There are three main north south routes and we drove all three. Driving on the Desert Highway to Petra went via al-Karak. Ate in café opposite entrance. It offered very good hummous with Turkish coffee and carpet shop. I am unsure whether the man who said he made the carpets made them. Worth seeing this crusader castle. It was where, in 2017, terriorists shot a tourist and the bullet holes remain. The result is that the castle is crawling with bored police. The Desert Road was bumpy, nose-to-tail lorries on this north south route. With uncertain lane markings and rules it was difficult in the dark. Back on the Desert route as far as Montreal to Petra. A little of the King’s Highway. None perfect but King’s Highway, being the more ancient, has more sites.
Stayed in Movenpick in Petra +962 32157111. To be recommended as it is at the gates of Petra and again both staff and manager, Mr Mohammad Kasbah were excellent. Mr Kasbah organised our transfer from the airport to the hotel and the car hire. Hotel was comfortable but very groupy. Breakfasts for that reason were not pleasant although the food was good. Suggest do not do self service but use the dining room for dinner, Al iwan, and Al Maga’ad for bar lunch was lovely.
Visit early the site opens at 06.00. We went at 07.30 with excellent guide,who I reached through the hotel. Mohamed Hashwa. Mob +962776122136 firstname.lastname@example.org. He rode up with us to the top at the ‘Monastery’. It has strange unfinished blocked out capitals and Metopes unlike ‘the Treasury’. I walked down. It is 9 miles in total. Carriages are quaint but uncomfortable. Better at first by foot and then up the endless steps, but picturesque by mule or donkey.
Most tourists stop at the ‘Treasury’ so continue wonderful buildings beyond and fresh finds Petra now has 1 million tourists a year. Long gone are the days when friend rode in alone and stayed the night in 1936. Inspite of the income Petra must bring in there is little regard of the site. The soft sandstone is climbed all over and the rock chippings are sold by small children who should be in school. The wonderful tulips were being dug up and sold. Most of the money earned, I was told, goes into the wrong pockets.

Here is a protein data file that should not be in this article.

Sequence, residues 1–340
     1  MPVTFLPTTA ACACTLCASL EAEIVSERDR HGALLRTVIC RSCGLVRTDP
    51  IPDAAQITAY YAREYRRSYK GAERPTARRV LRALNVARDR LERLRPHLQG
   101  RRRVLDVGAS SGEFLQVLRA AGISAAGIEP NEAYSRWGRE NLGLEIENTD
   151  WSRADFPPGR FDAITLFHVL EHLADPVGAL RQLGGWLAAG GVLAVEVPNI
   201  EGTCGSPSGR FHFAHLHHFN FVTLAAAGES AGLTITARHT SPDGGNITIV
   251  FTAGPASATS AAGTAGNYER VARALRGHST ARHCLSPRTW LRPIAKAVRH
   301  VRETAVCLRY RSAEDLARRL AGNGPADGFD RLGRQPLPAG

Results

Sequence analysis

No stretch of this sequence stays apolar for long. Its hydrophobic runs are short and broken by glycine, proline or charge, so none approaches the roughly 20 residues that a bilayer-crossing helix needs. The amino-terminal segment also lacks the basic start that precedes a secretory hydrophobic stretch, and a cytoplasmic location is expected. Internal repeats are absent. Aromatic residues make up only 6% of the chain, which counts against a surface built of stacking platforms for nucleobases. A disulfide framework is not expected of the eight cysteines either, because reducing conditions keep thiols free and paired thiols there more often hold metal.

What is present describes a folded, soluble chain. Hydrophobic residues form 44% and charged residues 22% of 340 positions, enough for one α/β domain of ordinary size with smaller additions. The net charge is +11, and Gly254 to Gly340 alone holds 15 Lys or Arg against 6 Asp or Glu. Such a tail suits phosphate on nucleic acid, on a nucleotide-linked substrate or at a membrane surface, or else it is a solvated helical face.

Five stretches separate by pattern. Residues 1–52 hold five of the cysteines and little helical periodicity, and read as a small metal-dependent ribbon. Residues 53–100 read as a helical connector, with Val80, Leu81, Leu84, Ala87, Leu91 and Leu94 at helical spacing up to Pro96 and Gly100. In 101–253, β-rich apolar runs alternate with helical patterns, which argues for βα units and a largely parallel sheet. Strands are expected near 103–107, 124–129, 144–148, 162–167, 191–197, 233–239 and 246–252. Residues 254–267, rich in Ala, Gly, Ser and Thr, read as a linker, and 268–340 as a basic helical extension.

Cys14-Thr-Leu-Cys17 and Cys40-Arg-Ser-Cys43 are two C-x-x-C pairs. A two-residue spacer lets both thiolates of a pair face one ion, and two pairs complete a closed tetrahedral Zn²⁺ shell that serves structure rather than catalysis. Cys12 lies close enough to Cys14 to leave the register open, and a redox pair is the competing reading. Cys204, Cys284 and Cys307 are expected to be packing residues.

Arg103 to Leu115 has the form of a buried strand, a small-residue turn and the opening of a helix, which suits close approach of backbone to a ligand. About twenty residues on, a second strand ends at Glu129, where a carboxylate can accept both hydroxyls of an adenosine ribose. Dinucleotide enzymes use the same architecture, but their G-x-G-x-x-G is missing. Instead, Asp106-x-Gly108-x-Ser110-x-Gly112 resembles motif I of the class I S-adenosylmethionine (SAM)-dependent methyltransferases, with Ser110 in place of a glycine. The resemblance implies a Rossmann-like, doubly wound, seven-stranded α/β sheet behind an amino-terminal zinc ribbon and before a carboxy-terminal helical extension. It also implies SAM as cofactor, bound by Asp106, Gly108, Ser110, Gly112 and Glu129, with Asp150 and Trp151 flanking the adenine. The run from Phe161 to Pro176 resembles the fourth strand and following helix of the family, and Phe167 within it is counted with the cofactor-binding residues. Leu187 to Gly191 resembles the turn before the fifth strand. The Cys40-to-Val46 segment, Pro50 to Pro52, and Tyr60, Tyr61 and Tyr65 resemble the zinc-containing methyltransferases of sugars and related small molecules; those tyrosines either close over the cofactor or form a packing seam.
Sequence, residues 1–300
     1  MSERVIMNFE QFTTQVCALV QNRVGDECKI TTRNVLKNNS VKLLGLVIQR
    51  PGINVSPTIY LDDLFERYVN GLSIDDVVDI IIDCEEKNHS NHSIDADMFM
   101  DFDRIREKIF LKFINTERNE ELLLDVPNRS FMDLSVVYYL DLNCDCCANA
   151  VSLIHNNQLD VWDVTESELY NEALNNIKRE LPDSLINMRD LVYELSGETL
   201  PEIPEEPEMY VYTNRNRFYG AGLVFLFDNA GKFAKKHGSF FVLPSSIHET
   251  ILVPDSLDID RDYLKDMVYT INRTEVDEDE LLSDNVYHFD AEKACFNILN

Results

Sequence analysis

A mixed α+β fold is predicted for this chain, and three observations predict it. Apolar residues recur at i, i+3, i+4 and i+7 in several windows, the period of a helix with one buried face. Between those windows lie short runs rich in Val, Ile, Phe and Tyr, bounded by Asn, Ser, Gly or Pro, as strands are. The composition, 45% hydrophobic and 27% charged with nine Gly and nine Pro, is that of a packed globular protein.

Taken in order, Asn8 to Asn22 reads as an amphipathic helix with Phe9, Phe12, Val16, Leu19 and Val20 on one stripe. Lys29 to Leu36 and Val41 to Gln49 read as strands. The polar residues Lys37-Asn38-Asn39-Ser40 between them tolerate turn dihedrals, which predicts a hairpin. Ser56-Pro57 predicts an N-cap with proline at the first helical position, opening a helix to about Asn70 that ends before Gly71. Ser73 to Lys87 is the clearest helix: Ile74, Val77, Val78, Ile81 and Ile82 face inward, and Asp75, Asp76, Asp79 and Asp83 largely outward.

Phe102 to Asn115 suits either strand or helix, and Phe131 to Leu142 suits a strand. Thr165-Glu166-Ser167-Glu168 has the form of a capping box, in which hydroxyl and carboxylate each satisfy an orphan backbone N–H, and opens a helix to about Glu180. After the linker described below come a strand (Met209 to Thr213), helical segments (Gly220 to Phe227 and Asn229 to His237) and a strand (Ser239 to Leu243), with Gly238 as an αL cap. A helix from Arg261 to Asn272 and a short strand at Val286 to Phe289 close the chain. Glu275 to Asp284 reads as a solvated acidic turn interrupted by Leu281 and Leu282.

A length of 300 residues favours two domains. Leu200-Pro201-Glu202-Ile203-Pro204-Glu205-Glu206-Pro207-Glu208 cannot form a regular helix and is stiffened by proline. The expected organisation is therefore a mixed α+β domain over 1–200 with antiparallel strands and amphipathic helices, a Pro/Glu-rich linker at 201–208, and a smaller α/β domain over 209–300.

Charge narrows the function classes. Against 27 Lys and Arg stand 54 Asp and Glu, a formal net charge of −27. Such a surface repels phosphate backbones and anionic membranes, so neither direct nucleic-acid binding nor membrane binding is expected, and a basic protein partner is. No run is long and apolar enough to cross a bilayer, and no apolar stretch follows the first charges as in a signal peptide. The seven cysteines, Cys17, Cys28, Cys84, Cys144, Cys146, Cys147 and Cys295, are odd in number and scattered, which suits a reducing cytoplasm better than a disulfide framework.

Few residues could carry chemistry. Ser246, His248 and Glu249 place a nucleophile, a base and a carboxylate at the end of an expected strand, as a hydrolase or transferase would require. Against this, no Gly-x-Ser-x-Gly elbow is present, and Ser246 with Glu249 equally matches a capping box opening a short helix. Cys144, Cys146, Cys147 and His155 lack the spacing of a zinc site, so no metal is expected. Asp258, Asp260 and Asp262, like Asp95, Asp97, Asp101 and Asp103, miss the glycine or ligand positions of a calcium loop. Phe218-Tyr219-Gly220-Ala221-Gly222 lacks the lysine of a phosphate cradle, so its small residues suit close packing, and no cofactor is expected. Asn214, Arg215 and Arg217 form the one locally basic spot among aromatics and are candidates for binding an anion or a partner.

If energy is there, investigate, by car, Little Petra. We were guided to the caravanserai by a Bedouin from the car park. Interesting fragment of late Roman fresco and house caves. Also walking route over to the ‘Monastery’ in Petra. Well worth the visit.
There is a good restaurant near the hotel in Petra. Red Cave, Ayman Helalat is the Manager. 962 772447745. email@example.com. It is dry.
The Wadi Rum
Decided not to go for the lined tent nor igloo option (these see through tents looking like observatories are also just out of Little Petra at over 200 JOD a night). Went instead Bedouin Lifestyle with Attallah Albiwi +962 779 131 803.
Stopped at the welcome building – gloomy (but the food looked good at 12 JOD). We parked our car by his office, full of luggage. All fine. Attallah’s father was a famous guide in the area. Bring torch and cash as payment of all invoices is in cash and there is no ATM. Extra 20 JOD pp for 4 hour jeep drive. Camel rides too. We had double tent with private bathroom and shower. Basic and with cold water. The night was cold but were given piles of rugs which also covered us in the jeep. We were too early for the tulips but all sorts of other things were flowering. Jeep ride was a bit adventure playground and not very Lawrence of Arabia unless you pretend that no one else is there. However the Bedouin team did well, showing cooking techniques in the desert. Friendly staff and music after dinner with a Q and A session. I liked their style.